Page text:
By Aaron Miller-
South Carolina has voted to bring back firing squad executions in a controversial vote that took place yesterday. It was voted 66-43 in favour of the bill, meaning South Carolina is now the fourth US state to add death by firing squad to its list of execution methods.
The decision is in direct opposition to the wishes of president Joe Biden, but individual states in the U.S have autonomy when it comes to the creation of their own laws.
The potential change in South Carolina law comes as states nationwide have hit barriers executing those on death row due to problems administering lethal injections, the widely preferred method in the US. Difficulties finding the required drugs have essentially paused executions in many states including South Carolina, which has not had an execution since 2011.
The new bill will provides death row inmates with the choice of death by firing squad or electric chair, should lethal injection not be available.
The bill changes the default method of execution to electrocution if lethal injections cannot be given, and offers the inmate the alternative of dying by firing squad. Lethal injection will remain an option utilized if the drugs are available.
South Carolina Gov. Henry McMaster said Wednesday that he intends to sign the bill into law if it passes the state legislature.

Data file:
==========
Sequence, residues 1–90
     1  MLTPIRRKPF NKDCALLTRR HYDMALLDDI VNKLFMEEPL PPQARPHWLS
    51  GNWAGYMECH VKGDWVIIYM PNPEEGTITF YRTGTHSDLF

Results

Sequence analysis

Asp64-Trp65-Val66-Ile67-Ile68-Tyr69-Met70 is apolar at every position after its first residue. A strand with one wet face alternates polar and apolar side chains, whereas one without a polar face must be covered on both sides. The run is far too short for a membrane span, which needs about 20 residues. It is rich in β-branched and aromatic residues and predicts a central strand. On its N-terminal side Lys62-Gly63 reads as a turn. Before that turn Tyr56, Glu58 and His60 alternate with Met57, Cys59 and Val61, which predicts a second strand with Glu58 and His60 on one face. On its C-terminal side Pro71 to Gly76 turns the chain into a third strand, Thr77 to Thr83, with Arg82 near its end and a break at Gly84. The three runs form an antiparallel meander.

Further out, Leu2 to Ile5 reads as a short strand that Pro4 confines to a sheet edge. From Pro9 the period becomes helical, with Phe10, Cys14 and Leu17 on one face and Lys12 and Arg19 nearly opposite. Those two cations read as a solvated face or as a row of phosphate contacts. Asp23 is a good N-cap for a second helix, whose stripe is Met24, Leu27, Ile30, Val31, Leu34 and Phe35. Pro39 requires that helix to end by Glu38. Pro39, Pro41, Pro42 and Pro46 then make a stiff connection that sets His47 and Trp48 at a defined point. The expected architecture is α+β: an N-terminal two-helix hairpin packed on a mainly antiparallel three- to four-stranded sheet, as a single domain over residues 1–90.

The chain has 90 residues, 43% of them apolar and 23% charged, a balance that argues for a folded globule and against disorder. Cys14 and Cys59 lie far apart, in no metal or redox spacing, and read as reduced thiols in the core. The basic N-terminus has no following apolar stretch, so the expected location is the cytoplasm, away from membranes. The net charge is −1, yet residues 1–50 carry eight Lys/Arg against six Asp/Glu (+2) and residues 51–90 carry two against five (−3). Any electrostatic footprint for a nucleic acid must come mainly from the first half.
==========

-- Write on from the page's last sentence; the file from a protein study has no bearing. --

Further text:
“We are one step closer to providing victims’ families and loved ones with the justice and closure they are owed by law. I will sign this legislation as soon as it gets to my desk,” he said in a statement.
Several inmates still await execution in South Carolina – three of whom are now out of appeals, AP News reports. In total, there are 37 inmates on death row.
Opposition to the bill remains strong among some Democrats.
Democratic Representative Justin Bamberg said:
Three living, breathing human beings with a heartbeat that this bill is aimed at killing. If you push the green button at the end of the day and vote to pass this bill out of this body, you may as well be throwing the switch yourself.
Meanwhile, Republican Rep. Weston Newton said, ‘Those families of victims to these capital crimes are unable to get any closure because we are caught in this limbo stage where every potential appeal has been exhausted and the legally imposed sentences cannot be carried out.
The passing of the bill yesterday comes after the Senate approved the bill back in March, when they voted 32-11 in favour of it. The House had only made minor changes to the March version, AP News reports.
Opposing Democrats in the House offered several amendments, including not applying the new execution rules to current death row inmates and livestreaming executions on the internet.
Now, after a routine final vote by the House, the Senate will sign it off and send it over to Republican Gov. Henry McMaster. McMaster has already voiced his intention to sign it.
As it stands, 27 US states have the death penalty, while 23 don’t.